·         With regards to secondary care hospital services, patients could choose where they would be treated including independent providers, at the point of referral, via Choose and Book.  Members were informed that there were certain exclusion criteria which restricted when a patient could choose to be treated at an independent provider.  For example if a patient had other conditions such as severe diabetes, they may not be able to use an independent provider.  This would be considered by their GP at the point of referral.

·         Royal Berkshire Hospital provided the majority of the secondary care, hospital services for Berkshire West.

·         Services provided included:

Ø  Cataract Removal;

Ø  Management of Glaucoma;

Ø  Management of Age-Macular Disease;

Ø  Eye Injection Services; 

Ø  Children Eye Services;

Ø  Eye Surgery Services (More complex than those treated in the community service);

Ø  Management of conditions at the back of eyes.

·         Councillor Richards asked how procedures were funded.  Dr Zylstra commented that Payment by Result was used.  Each individual type of procedure had a given tariff.  Tariffs were centrally negotiated and updated each year.

·         Councillor Blumenthal asked whether any feedback had been received regarding Health Harmonie’s performance.  Dr Zylstra commented that feedback was provided after they had been in place for 6 months.  He personally had generally not received any negative feedback.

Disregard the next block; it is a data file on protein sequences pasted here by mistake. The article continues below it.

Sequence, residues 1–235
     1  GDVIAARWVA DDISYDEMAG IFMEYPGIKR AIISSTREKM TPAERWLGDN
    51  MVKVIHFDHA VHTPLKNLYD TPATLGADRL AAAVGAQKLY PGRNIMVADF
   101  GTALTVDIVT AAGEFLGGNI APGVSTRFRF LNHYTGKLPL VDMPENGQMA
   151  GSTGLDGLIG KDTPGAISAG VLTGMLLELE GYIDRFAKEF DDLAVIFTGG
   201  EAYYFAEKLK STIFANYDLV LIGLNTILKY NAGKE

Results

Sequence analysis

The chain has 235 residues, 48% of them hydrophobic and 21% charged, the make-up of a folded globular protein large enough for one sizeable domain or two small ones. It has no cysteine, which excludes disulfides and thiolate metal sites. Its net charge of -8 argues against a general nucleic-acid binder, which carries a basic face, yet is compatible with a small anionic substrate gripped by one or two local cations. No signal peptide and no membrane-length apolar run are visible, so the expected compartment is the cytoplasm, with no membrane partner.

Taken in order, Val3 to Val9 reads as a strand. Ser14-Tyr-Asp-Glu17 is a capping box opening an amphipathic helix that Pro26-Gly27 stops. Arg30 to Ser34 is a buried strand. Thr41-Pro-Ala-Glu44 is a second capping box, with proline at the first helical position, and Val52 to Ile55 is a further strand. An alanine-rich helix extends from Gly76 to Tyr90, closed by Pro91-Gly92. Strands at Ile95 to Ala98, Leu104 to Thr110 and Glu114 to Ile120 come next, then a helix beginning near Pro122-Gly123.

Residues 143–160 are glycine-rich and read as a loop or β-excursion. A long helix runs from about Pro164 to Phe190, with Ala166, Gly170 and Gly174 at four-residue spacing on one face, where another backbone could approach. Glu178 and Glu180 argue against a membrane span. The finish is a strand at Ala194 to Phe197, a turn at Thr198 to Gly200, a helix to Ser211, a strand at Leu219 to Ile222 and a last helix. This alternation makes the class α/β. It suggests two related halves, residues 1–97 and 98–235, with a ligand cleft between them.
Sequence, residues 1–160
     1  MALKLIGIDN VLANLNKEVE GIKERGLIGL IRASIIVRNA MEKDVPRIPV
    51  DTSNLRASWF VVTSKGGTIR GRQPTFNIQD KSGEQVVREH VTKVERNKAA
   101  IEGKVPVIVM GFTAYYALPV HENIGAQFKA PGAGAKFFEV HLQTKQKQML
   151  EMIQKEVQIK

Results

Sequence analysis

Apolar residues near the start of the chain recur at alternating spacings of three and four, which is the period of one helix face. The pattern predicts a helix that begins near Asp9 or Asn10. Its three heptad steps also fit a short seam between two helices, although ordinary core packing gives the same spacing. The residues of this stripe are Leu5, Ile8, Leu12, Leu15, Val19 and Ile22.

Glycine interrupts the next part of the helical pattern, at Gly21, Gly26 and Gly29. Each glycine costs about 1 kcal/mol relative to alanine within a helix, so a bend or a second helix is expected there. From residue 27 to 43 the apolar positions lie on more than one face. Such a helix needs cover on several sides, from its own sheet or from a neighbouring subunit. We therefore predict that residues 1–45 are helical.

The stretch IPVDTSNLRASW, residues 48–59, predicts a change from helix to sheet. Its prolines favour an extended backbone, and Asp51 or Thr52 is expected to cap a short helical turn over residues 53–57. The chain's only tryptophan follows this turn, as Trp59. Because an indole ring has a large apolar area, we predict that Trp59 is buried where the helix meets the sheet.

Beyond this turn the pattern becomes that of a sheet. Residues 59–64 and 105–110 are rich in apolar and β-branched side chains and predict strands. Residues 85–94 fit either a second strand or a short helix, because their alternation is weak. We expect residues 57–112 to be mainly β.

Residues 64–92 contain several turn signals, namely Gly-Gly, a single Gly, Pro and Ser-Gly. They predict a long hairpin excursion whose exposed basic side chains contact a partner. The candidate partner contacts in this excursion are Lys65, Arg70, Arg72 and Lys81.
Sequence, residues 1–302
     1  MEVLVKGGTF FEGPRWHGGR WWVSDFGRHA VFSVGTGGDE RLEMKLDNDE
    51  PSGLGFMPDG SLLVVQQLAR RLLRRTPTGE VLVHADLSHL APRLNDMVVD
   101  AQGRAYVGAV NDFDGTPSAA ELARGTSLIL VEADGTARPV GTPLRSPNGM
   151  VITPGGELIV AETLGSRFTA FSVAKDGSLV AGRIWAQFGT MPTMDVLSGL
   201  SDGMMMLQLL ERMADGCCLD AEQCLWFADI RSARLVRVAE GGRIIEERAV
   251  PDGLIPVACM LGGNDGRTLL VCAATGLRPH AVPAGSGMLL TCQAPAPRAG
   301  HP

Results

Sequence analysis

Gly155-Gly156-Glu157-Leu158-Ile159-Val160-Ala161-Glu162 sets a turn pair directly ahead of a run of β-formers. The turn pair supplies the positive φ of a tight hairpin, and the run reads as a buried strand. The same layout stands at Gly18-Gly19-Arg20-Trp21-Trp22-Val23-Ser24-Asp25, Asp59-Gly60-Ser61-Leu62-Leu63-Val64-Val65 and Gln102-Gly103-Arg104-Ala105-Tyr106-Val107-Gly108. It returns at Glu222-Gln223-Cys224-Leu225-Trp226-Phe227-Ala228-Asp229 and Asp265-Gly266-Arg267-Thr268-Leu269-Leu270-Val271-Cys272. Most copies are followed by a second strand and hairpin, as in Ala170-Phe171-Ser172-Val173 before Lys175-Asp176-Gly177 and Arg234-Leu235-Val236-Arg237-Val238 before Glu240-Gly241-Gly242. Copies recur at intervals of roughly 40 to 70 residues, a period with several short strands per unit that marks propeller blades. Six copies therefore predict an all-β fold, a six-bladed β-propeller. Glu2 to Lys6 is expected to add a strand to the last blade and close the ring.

·         Councillor Jones asked about the severity of visual difficulties required for cataract surgery to be offered.  Dr Zylstra emphasised that this varied depending on the type of cataract.  The minimum eyesight standard for driving was having a visual acuity of at least decimal 0.5 (12/6) measured on the Snellen scale (with glasses or contact lenses, if necessary) using both eyes together or, if you have sight in one eye only, in that eye.  Individual funding requests could be considered, for example if the type of cataract caused dazzling at night, making night driving difficult.

·         Members were advised that there were risks associated should procedures such as cataract surgery be carried out earlier than required.

 

RESOLVED:  That Dr Zylstra be thanked for his presentation and that the update on ophthalmology services be noted.

27.

Update on Optalis pdf icon PDF 1 MB

To receive an update on Optalis. (20 mins)

Minutes:

Angela Morris, Director of Operations and Martin Farrow, Chief Executive Officer, Optalis provided an update regarding Optalis following the Royal Borough of Windsor & Maidenhead Council (RBWM) joining with Wokingham Borough Council in April 2017 to jointly own the company.

 

During the discussion of this item the following points were made:

 

·         Members were reminded that Optalis had been launched as a Local Authority Trading Company by Wokingham Borough Council on 6 June 2011 with the aim of efficiency, growth and excellence.